***Taste & Create is a fabulous monthly blog event
in which participants are randomly paired off
to choose and prepare a dish from their partner's blog.
If you'd like to join us, please email me at
cowgirlmin07 [at] gmail [dot] com for more information!
We'd love to have you.**
For the December/January Taste & Create event, I was paired with Hannah of Bright Palate. It didn't take me long to decide on her Profiteroles with Vanilla Bean Pastry Cream and Butterscotch Sauce. However, it did take me a long time to make it!! Sorry, Hannah.
I fell in love with Profiteroles in France, and ate as many of them as my stomach could handle after sumptuous dinners and bottles of wine. Each time, they were served with vanilla ice cream and chocolate sauce.
I originally planned to make Hannah's Vanilla Pastry Cream, but the Butterscotch Sauce just didn't appeal to me at all, so I planned to substitute some type of chocolate sauce. After mixing up the choux pastry for the profiteroles, I sort of lost my ambition for mixing the pastry cream, (and washing all the pans and bowls associated with it!), so I decided to use vanilla ice cream instead. If you're feeling ambitious, by all means follow the link above or below and make her vanilla bean pastry cream, or you could make Julia's Crème Pâtissière, which likely has the same amount of stirring but perhaps less dishes. ;-)
My husband and I celebrated our 10th wedding anniversary the other night, and I had made some chocolate-orange liqueur truffles, which we all know is just ganache that's slightly shaped and coated with cocoa. I decided I'd use some of the ganache I hadn't gotten around to shaping, microwave it gently to soften it and use it as a topping for the profiteroles. I added a little more cream before microwaving to loosen it up a bit, next time I'll just make it specifically for the profiteroles and a thinner mixture from the start.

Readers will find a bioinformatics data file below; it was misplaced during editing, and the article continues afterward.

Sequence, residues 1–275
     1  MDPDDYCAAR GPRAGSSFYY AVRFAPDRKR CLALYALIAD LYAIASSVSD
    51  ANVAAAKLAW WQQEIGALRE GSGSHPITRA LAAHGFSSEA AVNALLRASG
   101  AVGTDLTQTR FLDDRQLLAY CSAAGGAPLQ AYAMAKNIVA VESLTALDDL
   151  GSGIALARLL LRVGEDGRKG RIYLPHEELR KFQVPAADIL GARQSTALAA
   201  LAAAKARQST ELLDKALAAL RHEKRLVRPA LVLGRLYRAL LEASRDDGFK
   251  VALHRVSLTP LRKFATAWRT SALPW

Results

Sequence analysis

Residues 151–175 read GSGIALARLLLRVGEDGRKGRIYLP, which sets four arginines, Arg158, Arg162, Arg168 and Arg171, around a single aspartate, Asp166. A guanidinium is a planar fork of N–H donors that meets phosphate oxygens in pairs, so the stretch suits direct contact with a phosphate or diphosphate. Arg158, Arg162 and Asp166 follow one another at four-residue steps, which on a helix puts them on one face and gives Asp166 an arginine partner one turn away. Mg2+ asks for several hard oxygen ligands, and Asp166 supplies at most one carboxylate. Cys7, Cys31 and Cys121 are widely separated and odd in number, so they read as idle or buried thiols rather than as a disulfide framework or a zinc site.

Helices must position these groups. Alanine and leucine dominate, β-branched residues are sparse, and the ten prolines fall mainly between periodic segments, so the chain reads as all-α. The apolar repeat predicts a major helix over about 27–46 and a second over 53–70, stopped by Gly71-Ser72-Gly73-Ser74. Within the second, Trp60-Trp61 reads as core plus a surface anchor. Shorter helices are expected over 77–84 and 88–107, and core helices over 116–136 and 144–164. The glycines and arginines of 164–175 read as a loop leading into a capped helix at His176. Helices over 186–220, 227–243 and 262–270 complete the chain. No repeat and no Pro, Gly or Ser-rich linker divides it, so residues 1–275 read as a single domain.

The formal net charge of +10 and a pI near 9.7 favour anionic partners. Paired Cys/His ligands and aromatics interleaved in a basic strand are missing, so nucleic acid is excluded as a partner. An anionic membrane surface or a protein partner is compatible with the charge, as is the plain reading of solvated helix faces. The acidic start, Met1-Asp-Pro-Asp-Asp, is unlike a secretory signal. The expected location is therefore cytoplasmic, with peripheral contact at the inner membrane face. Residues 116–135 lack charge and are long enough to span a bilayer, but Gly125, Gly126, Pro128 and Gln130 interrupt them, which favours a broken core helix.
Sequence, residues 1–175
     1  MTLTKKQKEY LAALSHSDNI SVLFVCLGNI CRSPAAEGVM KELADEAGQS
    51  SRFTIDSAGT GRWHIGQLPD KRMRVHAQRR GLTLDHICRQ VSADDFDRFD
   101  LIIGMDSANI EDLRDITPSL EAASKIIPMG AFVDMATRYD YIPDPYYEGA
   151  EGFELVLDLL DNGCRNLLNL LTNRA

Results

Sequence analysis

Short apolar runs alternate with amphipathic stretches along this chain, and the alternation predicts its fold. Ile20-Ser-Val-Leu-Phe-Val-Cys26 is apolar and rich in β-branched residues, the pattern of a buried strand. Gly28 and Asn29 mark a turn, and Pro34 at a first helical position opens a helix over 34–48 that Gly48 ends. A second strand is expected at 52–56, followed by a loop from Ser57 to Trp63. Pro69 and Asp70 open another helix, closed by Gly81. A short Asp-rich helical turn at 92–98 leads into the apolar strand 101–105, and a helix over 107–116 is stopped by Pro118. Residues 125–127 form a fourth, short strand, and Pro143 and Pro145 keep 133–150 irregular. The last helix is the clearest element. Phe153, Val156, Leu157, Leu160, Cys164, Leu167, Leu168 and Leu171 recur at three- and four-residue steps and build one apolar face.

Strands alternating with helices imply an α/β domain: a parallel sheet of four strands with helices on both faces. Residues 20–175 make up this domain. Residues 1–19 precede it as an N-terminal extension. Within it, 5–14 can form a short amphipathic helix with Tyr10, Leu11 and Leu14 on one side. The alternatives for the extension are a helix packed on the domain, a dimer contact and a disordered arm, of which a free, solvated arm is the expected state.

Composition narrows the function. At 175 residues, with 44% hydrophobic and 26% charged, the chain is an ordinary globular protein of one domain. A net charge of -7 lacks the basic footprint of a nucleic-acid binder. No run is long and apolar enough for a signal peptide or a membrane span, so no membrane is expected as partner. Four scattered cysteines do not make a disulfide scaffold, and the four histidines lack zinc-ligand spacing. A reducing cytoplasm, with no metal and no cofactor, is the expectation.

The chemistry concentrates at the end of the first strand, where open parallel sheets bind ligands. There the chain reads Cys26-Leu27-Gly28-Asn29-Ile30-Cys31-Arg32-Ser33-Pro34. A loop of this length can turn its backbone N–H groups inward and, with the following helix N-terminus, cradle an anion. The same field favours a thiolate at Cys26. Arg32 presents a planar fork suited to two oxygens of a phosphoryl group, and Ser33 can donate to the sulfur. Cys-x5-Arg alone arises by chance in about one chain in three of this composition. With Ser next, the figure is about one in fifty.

My dough scoops were a little bigger than golf balls, so my profiteroles were generously sized. I accidentally turned the timer off during the baking at 425 degrees, but they turned out just fine. I ended up baking them for 20 minutes at 350 degrees at the end, and they were perfect, just keep an eye on yours.
From Bright Palate, who originally adapted it from Ratio
Yield: About 20 profiteroles
1 cup water
1/2 cup/1 stick unsalted butter
1 tablespoon sugar
1/8 teaspoon salt
1 scant cup flour
4 large eggs
Note: The choux pastry can be baked immediately once it’s cooked on the stovetop, or refrigerated for up to a day before baking.
Preheat oven to 425. Line two baking sheets with parchment paper, tin foil, or silicone liners.
In a medium saucepan over high heat, bring the water, butter, sugar, and salt to a simmer. Turn down the heat to medium, add the flour, and stir rapidly. As you stir, the dough will pull away from the sides of the pot. Continue stirring for another minute or two to continue cooking the flour and cook off some of the moisture.
Take the pot off the heat and let it cool slightly, a few minutes - it should still be warm to hot. Stir in the eggs rapidly, one at a time. It will take a few seconds of vigorous stirring for each egg to be incorporated. You can also use a standing mixer or electric mixer: transfer the dough to a bowl and mix in the eggs one at time.
Spoon golf-ball-sized portions of the dough onto the baking sheets. Bake for 10 minutes, then turn oven down to 350 and bake for 10 to 20 minutes longer.
Taste or cut into one to judge its doneness: it should be airy inside and not too moist.
Slice each profiterole in half. Place a dollop of ice cream or pastry cream on the bottom half and sandwich with the top half. Spoon chocolate sauce over the top.